Why do Americans continue to pay the highest prices for medicine in the world? Lawmakers have sculpted specific policies, often not found in many other nations, that boost pharmaceutical industry profits. Meanwhile, the drug industry has spent $61 million on state elections and nearly $67 million on federal elections since 2010. Both parties have made pivotal decisions ... that have kept drug prices high. Insurance companies and pharmacy benefit managers, or PBMs, across the U.S., face at least nine class-action lawsuits alleging they attached arbitrary premiums to the prices of often less-expensive, generic prescription drugs. The plaintiffs also accuse the PBMs and insurers of imposing so-called “gag clauses” on pharmacies to keep pharmacists from telling consumers that they could save money by paying out of pocket. The system could be denying customers $120 billion in discounts and rebates. Should drugs developed at taxpayer expense be sold to Americans at sky high prices? In the past, the federal government passed a rule saying no — but that rule was rescinded in 1995. If Americans were allowed to import lower-priced drugs from places like Canada, it would save government agencies alone $6 billion. But ... Americans are still prohibited from engaging in such importation. The federal government could [also] save billions of dollars a year by having Medicare use its huge market power to negotiate - or require - lower drug prices for the program's beneficiaries.
A loud boom cut through the night and a stream of fire lit up the sky. A strong, unpleasant odor settled over the street. None of the neighbors reported what happened that night - nor the ... symptoms that followed. For [Joseph] Gaines, the symptoms included an intense sudden headache, tearing eyes, a runny nose, and congestion. A block and a half from Gaines’s house, the street ends in an Exxon Mobil refinery that ... releases at least 135 toxic chemicals, many of which - including 1,3-butadiene, benzo[a]pyrene, and styrene - are carcinogens. The plant is regularly in noncompliance with the Clean Air Act. Yet many of the people [in] Charlton-Pollard said they felt there was no point in trying to reduce the emissions. They raised [their concerns] in a formal complaint to the Environmental Protection Agency 17 years ago. The filing [described] the chemical pollution. And the complaint went further, arguing that the location of the oil refinery - next to a neighborhood where 95 percent of residents were African-American - was a civil rights violation. The majority of civil rights complaints the EPA accepted for investigation between 1996 and 2013 languished for years. As the people of Charlton-Pollard and Flint — as well as Tallassee, Alabama; Pittsburg, California; and Chaves County, New Mexico — can attest, the EPA’s lack of responsiveness to civil rights complaints spans not just many years, but also several presidential administrations. While pollution protections are moving backward, Exxon Mobil is planning to expand its Beaumont operations.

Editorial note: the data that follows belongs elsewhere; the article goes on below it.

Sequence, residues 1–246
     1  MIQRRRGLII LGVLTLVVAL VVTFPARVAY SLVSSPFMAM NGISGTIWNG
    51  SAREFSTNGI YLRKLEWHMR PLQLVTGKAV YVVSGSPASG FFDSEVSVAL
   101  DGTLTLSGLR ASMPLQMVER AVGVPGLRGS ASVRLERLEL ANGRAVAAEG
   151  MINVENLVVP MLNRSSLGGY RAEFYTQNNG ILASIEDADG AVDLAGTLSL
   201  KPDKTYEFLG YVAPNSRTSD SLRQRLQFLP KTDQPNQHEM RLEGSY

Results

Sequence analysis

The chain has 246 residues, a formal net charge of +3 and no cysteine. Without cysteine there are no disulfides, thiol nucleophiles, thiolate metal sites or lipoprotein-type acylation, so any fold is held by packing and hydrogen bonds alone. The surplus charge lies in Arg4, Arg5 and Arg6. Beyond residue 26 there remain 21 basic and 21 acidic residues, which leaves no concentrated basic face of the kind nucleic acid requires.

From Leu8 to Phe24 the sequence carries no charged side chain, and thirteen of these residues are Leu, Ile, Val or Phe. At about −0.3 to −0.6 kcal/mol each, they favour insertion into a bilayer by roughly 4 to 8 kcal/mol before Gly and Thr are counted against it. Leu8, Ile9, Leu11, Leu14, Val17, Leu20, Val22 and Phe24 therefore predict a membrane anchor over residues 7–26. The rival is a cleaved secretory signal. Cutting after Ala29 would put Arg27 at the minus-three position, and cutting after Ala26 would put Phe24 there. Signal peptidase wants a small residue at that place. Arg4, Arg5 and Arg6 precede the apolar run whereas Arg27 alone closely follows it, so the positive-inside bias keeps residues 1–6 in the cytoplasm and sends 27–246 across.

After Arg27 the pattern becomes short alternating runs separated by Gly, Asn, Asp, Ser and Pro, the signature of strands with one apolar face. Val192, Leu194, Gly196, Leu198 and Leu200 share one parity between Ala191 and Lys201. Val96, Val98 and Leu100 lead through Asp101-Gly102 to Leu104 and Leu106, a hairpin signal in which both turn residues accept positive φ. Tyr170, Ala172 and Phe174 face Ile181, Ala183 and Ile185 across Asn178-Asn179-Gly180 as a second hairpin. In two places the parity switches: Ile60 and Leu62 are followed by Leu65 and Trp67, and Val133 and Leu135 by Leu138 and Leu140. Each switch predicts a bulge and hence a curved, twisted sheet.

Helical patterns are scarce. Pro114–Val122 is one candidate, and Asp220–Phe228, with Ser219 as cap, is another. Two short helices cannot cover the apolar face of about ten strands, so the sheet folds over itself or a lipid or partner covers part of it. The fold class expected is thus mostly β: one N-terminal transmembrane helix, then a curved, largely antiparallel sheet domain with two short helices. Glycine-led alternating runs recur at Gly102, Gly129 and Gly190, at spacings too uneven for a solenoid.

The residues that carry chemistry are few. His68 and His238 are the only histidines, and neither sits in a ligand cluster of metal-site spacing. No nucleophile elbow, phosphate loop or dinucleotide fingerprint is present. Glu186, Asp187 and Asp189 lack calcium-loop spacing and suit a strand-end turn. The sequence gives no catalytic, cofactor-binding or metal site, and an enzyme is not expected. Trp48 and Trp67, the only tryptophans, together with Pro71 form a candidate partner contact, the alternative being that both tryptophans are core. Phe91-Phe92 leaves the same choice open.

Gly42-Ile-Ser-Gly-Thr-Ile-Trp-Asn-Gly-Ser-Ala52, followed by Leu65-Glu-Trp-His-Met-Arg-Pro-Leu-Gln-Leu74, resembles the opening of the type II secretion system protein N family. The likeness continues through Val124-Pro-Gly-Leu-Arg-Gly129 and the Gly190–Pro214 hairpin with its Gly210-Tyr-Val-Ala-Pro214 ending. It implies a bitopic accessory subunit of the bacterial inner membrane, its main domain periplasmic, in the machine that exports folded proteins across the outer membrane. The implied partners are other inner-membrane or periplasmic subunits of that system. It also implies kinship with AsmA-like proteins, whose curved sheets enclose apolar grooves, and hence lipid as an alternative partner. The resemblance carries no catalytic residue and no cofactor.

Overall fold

Google processes more than three billion search queries a day. It has altered our notions of privacy, tracking what we buy, what we search for online - and even our physical location at every moment of the day. It is a monopoly. So it matters how this company works - who it hires, who it fires and why. Last week, Google fired a software engineer for writing a memo that questioned the company’s gender diversity policies and made statements about women’s biological suitability for technical jobs. “Portions of the memo violate our code of conduct and cross the line by advancing harmful gender stereotypes,” Google’s chief executive, Sundar Pichai, wrote. It’s impossible to believe that Google or other large tech companies a few years ago would have reacted like this to such a memo. In 2011 when CNN filed a Freedom of Information Act request for the workplace diversity data on big tech companies, Google [asked] for its data to be excluded. Google began to disclose statistics [in 2014] showing that only 17 percent of its technical work force was female. Today Google is under growing scrutiny, and the cognitive dissonance between the outward-facing “Don’t be evil” stance and the internal misogynistic “brogrammer” rhetoric was too extreme. Google had to fire the offending engineer, James Damore, but anyone who spends time on the message boards frequented by Valley engineers will know that the “bro” culture that gave us Gamergate - an online movement that targeted women in the video game industry - [remains] prevalent.